“Let my soul smile through my heart and my heart smile through my eyes, that I may scatter rich smiles in sad hearts.” ~ Yogi and Guru Paramahansa Yogananda
Sometimes all I want to do with my art is raise a smile. Yesterday I posted my painting The Whimsy of Cows on Twitter and received a tweet back from @cowinmontana saying “Haha! Love it! Moo!”
I have no idea who this person is but the painting connected with a complete stranger thousands of miles away and raised a smile on their face as well as mine. I never know how far my art spreads with the public social media platforms I use, but when I see the spread with blog statistics and receiving messages from far off places, it leaves me quite surprised at times. I suppose that is the wonder of the internet. The world has become a much smaller place.
My Whimsy with Cows was never intended to be sold and it never will be. Every now and again I put it out into the ether of the internet just to raise a smile. Here is a LINK to its development for anyone who is interested.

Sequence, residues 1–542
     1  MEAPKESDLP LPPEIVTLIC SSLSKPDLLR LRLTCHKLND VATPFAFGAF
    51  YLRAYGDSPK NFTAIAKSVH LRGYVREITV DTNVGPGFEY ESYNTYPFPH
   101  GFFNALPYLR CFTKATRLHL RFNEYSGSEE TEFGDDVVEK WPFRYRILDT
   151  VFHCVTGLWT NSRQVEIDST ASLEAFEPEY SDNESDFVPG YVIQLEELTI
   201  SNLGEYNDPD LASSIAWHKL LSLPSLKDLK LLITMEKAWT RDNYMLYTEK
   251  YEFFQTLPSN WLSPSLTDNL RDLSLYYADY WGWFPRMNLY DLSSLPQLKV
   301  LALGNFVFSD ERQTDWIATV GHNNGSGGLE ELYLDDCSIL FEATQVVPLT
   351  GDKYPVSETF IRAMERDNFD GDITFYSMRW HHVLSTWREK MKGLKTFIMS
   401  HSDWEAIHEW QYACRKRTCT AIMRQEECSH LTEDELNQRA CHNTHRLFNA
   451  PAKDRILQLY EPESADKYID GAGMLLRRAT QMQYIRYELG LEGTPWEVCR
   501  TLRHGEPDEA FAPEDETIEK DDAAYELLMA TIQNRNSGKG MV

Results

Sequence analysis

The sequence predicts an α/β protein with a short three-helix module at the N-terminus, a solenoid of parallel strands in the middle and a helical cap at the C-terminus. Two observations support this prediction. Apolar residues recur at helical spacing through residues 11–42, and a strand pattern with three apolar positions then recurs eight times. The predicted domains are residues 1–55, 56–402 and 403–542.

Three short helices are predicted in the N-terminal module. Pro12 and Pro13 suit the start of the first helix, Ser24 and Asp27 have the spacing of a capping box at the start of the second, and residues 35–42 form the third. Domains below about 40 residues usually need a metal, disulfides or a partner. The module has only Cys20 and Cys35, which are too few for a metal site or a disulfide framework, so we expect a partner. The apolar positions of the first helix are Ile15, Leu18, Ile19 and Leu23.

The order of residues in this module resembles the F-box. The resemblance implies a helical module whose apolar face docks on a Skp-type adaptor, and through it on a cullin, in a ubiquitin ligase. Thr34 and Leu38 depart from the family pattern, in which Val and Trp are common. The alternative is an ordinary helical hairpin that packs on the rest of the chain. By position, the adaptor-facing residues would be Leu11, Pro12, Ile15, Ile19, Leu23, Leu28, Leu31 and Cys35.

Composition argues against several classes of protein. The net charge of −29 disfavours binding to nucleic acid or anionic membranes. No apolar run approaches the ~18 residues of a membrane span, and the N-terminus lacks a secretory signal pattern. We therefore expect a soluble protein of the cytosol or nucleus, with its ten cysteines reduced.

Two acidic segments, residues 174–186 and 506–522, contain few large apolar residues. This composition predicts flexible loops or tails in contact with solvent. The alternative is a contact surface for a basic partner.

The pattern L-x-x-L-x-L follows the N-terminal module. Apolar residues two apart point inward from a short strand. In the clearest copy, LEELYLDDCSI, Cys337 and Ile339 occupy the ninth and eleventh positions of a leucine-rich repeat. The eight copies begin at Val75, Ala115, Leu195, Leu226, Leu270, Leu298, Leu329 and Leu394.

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As a child of eight my parents were told I had no idea about colour. Luckily my parents quickly rectified that and bought me my first inexpensive children’s metal paint palette full of really low grade watercolours. My family came from very humble struggling Italian beginnings, so getting that paint palette meant lots to me. It was treasured for a long time after. Colour became my passion and joy from then on.
The huge children’s metal palette was pretty much the same shape as the smaller version I use today. I had more colours than I have today. Over the years I have learnt that I do not need lots of colours. I just need the right ones that possess the right characteristics and mixing power for my needs.
I very rarely buy a new colour. I work with warms and cools and I have divided my palette accordingly. The warms are at the top and the cools are along the bottom. This means I have ultramarine blue in amongst the warms and the cool blues like cobalt blue are along the bottom. My reds are divided too with Quinacridone red and the cadmium reds at the top (not visible in the photo) and alizarin crimson and permanent rose along the bottom with the cools. It really is quite a simple system that aids me with mixing and selecting warm and cool opposites instinctively. Despite having so many colours in one palette there are lots that I rarely use.
So life for me has been very peachy, rosy, colourful and vibrant ever since that teacher’s comment. Maybe that little comment on a simple report card as a child has made me the enthusiastic watercolourist I am today.